Maseca pays a visit to CIMMYT

January 17, 2009

Many of us living in Mexico know the brand name Maseca from the flour packages we see in the supermarket. Maseca is one of three brands owned by the Gruma corporation, which produces and markets flour and tortillas in the US, Europe, and China.
 A group from Maseca visited El Batán on 14 January, along with Dr. Pedro Brajcich, DG of the Mexican National Institute of Forestry, Agriculture, and Livestock Research (INIFAP), and Dr. Gricelda Vázquez, an important partner in maize quality research efforts from INIFAP. Dr. Julio Berdegué, chairman of the Board of Trustees and our DG, Tom Lumpkin, welcomed and accompanied the group during the visit.

CIMMYT has worked with Maseca in the past to quantify post-research losses in Mexico. “During the visit, they were interested in quality protein maize, the improvement of ‘criollos,’ and lab methods for quality analysis, among other topics,” says Kevin Pixley, associate director, CIMMYT Global Maize Program. (Criollos are maize landraces, or particular varieties that are farmer-selected and often highly adapted to specific areas). “We also talked about collaboration with INIFAP and CINVESTAV” (a postgraduate and research institution in Mexico), adds Pixley.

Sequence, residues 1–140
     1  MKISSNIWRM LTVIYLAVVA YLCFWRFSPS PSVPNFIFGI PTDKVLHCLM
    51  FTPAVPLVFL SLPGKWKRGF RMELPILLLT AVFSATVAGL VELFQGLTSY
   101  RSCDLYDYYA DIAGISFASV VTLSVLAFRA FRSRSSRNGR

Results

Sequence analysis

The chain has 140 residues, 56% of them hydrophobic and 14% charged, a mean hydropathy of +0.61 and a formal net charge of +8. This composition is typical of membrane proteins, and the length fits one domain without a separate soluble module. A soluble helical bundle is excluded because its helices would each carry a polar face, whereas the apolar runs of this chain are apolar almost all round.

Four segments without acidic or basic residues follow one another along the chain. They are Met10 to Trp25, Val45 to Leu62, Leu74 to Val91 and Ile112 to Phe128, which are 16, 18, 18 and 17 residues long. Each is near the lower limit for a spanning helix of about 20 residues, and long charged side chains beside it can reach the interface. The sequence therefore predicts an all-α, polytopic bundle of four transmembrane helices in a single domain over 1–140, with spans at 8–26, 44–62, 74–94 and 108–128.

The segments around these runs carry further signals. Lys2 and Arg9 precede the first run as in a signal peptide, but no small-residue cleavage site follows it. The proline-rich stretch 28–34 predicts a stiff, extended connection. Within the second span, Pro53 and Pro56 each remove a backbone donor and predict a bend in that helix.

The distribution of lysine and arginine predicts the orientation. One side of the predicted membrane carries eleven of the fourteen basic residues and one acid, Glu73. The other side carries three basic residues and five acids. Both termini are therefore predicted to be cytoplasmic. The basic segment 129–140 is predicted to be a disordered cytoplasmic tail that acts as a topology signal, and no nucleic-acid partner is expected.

The Maseca delegation included Alfonso Cebreros, director of government relations; Guillermo Arteaga, deputy director biotechnology and innovation; Luis Manuel Rolón, manager, agricultural planning; Alfredo Morales Díaz, manager, central laboratory; and Montserrat González Torre, chief, biotechnology and innovation projects. Maseca imports about 80% of the wheat it uses for milling, says Javier Peña, wheat grain quality specialist. “They are interested in having new wheat varieties adapted to the Mexican highlands and central Mexico which suit their needs and will enable them to save on importation costs.” The group offered to help CIMMYT secure funding from the public and private sectors and also invited CIMMYT researchers
to visit their maize milling and processing plant as well as their wheat flour mill in Puebla to better understand food processing and maize and wheat quality needs.


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